Additionally, she was acting not in her position as Queen, but as the leader of the Commonwealth. I think there's an important distinction there. The problem was that the ONE who was fighting against the 48 other members happened to be the PM of the UK. 

I realize this is only my opinion and I can't change the world, but apartheid was a crime against humanity and the Queen's push for sanctions even if outside the "rules" was an important piece of the puzzle that helped to change an abhorrent policy.

The Queen is also leader of the Church of England and should be able to speak on moral wrongs.

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When the season first dropped, I'd heard that the eighth episode really explored Thatcher's legacy on Apartheid, so I was really looking forward to watching Peter Morgan stick it to her for her disgusting policies on South Africa.

And that's certainly what happened! But I can't say I found it at all enjoyable to watch this episode, because Morgan really felt the need to shit on everyone, not just Thatcher. The whole lot came across terribly (which really appears to be a theme this season).

- The Queen didn't seem to care about the lives of oppressed South Africans. Based on this episode, she mostly just wanted the Commonwealth leaders to think she was doing a good job.

I don't think there's any actual evidence that she instructed anyone to plant a story in the press about her political views. And without evidence, it seems almost slanderous to depict her doing that. It goes against everything the woman has always stood for.

- Andrew and Charles both seemed like total asshats. I certainly have no objection to Andrew being depicted badly, but I really have to wonder if Charles would inform his brother that he's "fringe" on his wedding day. (Right in front of their siblings, who are even further down the line!)

- Then there's Martin Charteris, who had come across as a decent guy fairly consistently since season one. The way he lambasted Michael before firing him was just reprehensible, because he knew fully well that it wasn't Michael's fault. And we know that didn't happen in real life. Martin had retired long before this point in history. So why on earth did they drag his name through the mud like this?

- Michael Shea seemed like the one good person in the whole mix, but they still felt the need to highlight how bad his writing was. Were those actual passages he wrote? If so, someone should have confiscated his thesaurus.

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..I didn't get the impression that the Queen didn't care about the oppressed at all. And weather the leak was deliberate or not, it had to come from somewhere, hence she must have been vocal about her anger towards Thatcher in private at the very least. She is only human after all.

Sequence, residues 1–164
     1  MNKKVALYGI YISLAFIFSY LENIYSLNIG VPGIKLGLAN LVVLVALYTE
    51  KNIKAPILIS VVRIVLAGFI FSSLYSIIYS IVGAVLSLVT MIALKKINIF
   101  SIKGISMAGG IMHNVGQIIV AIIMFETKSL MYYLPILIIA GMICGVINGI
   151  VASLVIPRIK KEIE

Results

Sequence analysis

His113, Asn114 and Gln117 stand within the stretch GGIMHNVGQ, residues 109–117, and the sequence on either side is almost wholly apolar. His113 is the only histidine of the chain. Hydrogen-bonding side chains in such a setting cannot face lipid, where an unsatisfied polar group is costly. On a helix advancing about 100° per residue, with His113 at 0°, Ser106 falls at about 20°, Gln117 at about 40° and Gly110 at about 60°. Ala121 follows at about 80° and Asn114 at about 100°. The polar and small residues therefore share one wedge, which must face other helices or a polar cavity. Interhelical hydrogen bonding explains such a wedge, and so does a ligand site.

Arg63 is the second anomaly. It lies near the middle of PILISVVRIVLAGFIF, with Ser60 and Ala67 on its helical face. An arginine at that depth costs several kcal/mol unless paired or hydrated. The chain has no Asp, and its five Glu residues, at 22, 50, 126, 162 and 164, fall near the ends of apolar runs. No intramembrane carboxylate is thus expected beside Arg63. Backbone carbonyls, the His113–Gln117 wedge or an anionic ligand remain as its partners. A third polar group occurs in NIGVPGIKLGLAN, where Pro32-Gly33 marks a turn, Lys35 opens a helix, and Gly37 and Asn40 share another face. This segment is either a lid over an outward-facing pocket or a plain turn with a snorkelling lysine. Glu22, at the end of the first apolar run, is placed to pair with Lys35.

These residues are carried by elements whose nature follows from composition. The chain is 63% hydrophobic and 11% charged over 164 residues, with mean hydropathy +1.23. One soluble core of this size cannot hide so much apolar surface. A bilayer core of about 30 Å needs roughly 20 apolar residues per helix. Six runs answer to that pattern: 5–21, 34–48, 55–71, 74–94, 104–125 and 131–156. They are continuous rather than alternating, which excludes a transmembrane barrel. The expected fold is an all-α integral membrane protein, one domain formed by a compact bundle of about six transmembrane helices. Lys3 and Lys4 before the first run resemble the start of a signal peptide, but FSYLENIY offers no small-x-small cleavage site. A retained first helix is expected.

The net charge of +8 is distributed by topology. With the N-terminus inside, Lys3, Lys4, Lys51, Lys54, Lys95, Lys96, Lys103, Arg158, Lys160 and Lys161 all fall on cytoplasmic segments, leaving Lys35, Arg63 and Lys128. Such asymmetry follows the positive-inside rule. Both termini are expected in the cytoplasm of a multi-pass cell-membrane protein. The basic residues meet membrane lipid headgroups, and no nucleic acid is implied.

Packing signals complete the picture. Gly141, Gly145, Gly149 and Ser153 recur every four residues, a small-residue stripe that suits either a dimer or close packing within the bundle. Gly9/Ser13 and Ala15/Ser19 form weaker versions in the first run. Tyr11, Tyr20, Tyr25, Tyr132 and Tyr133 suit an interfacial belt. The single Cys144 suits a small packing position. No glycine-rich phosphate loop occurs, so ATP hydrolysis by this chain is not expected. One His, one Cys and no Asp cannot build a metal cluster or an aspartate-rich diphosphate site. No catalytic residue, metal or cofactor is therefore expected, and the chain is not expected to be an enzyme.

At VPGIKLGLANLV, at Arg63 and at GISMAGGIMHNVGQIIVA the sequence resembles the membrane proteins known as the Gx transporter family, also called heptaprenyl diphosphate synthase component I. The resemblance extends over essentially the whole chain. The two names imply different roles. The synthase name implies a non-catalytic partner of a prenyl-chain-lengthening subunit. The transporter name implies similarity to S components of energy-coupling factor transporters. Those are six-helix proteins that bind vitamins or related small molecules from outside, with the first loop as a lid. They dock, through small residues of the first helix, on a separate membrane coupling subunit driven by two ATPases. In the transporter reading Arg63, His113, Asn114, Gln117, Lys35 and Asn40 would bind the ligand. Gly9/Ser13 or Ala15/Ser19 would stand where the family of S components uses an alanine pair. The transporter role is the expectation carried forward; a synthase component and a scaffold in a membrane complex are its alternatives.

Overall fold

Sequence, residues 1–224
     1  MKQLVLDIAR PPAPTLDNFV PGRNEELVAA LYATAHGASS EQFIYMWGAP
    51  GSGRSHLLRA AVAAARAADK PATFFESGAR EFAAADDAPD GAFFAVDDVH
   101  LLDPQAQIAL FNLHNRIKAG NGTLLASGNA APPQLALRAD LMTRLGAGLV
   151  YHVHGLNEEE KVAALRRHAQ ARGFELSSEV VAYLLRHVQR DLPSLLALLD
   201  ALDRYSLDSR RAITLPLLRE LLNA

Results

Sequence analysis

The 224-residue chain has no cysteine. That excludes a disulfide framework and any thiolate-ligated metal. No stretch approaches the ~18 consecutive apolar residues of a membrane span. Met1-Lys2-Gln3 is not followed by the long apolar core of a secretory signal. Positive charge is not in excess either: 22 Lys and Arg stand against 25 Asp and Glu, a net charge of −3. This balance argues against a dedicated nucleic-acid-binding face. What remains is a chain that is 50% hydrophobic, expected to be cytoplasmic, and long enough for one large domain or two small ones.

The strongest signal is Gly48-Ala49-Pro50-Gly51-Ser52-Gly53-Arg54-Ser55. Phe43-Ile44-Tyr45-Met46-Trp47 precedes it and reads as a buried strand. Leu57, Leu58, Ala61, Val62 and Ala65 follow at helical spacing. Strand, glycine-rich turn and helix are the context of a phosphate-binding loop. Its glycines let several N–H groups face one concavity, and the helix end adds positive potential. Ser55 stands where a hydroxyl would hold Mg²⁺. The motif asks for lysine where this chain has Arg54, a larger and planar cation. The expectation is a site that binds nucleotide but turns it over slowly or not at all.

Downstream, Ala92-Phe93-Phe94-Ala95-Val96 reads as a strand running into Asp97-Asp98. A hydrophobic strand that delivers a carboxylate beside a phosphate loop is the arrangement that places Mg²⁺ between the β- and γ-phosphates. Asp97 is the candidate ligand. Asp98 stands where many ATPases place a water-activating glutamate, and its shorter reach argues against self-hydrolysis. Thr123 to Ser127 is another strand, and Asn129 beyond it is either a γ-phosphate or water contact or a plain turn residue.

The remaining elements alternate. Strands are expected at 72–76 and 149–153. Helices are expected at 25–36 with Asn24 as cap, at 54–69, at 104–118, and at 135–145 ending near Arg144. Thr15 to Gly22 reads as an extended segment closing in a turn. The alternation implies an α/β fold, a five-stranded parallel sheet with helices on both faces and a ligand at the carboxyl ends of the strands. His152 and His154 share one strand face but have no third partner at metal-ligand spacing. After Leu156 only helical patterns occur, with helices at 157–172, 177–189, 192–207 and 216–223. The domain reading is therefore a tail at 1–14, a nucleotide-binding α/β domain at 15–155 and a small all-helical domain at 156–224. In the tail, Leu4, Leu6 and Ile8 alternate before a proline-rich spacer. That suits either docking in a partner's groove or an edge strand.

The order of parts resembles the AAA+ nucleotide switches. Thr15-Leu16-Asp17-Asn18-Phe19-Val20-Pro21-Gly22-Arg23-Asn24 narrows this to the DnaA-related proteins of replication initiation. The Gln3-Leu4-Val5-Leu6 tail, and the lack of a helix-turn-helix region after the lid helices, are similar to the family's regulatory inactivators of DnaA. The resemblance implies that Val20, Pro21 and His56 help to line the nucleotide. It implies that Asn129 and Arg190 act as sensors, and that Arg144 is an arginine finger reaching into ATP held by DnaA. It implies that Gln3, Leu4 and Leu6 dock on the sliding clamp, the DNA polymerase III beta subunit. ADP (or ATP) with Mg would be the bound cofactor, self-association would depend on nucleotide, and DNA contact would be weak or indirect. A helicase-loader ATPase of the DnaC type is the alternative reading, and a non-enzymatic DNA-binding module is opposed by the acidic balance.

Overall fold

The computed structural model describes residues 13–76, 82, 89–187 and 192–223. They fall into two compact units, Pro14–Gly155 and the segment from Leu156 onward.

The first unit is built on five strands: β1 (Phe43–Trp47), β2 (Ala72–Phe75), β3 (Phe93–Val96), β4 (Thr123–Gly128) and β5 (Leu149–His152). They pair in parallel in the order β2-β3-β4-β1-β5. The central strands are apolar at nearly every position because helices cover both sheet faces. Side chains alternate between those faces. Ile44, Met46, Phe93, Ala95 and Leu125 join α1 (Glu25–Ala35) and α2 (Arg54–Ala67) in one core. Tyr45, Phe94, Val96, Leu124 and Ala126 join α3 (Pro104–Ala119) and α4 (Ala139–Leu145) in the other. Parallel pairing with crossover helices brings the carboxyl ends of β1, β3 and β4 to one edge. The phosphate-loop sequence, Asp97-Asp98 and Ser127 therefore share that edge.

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On 11/16/2020 at 10:04 AM, dubstepford wife said:

This show is certainly not being kind to Thatcher.  I wasn't around for that era so I don't know what's true and what's fiction, but if even half of this is factually accurate she is not coming across well.  Opposition to ending apartheid is never a good look, regardless of consequences for the economy.  And if that thing about her son being a businessman in South Africa, which the show implies colored her decisions towards the country, is true, then that should be grounds for removal from office.  It's outright corruption.

Obviously you don’t have to “be around” for a period of history to know if a depiction is true. In any case, it’s not even close to corruption if Mark Thatcher merely doing business with South Africa influenced his mother’s policies. Margaret Thatcher’s reluctance to impose sanctions on South Africa was mainstream Conservative Party ideology at the time. 

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On 11/17/2020 at 6:58 PM, txhorns79 said:

I think the people we saw were supposed to represent the entire empire (at the time), rather than it being a world wide event.  I did love seeing Claire Foy! 

Well since the empire stretched around the world, it amounted to the same thing.  I got a chuckle from the production taking "the sun never sets on the British empire" literally!  Somebody should have been listening to the speech in the dark.

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I was taken aback that the negotiation about an acceptable substitute word for "sanctions" seemed to be played for laughs, considering what was at stake and the later fallout. That montage felt like it belonged on a different show.

On 11/22/2020 at 6:21 PM, Clanstarling said:

When he was with his agent, he refused to do political thrillers using his background, because he didn't want to use his position and knowledge for commercial pursuit. My take was that he started writing them because they shafted him and he no longer felt loyal.